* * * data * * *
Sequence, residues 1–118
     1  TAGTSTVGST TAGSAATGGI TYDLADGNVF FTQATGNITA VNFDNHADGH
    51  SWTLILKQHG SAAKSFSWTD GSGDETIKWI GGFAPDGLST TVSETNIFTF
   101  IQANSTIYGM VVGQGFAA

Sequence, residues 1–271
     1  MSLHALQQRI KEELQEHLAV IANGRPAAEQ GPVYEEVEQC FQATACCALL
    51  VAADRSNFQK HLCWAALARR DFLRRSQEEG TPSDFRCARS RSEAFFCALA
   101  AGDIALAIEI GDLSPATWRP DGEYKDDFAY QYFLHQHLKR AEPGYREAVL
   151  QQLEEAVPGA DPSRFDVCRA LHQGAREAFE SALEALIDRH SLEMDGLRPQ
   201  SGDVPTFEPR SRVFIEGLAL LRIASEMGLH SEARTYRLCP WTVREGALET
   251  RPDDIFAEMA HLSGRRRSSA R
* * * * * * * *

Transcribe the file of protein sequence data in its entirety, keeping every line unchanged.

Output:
Sequence, residues 1–118
     1  TAGTSTVGST TAGSAATGGI TYDLADGNVF FTQATGNITA VNFDNHADGH
    51  SWTLILKQHG SAAKSFSWTD GSGDETIKWI GGFAPDGLST TVSETNIFTF
   101  IQANSTIYGM VVGQGFAA

Sequence, residues 1–271
     1  MSLHALQQRI KEELQEHLAV IANGRPAAEQ GPVYEEVEQC FQATACCALL
    51  VAADRSNFQK HLCWAALARR DFLRRSQEEG TPSDFRCARS RSEAFFCALA
   101  AGDIALAIEI GDLSPATWRP DGEYKDDFAY QYFLHQHLKR AEPGYREAVL
   151  QQLEEAVPGA DPSRFDVCRA LHQGAREAFE SALEALIDRH SLEMDGLRPQ
   201  SGDVPTFEPR SRVFIEGLAL LRIASEMGLH SEARTYRLCP WTVREGALET
   251  RPDDIFAEMA HLSGRRRSSA R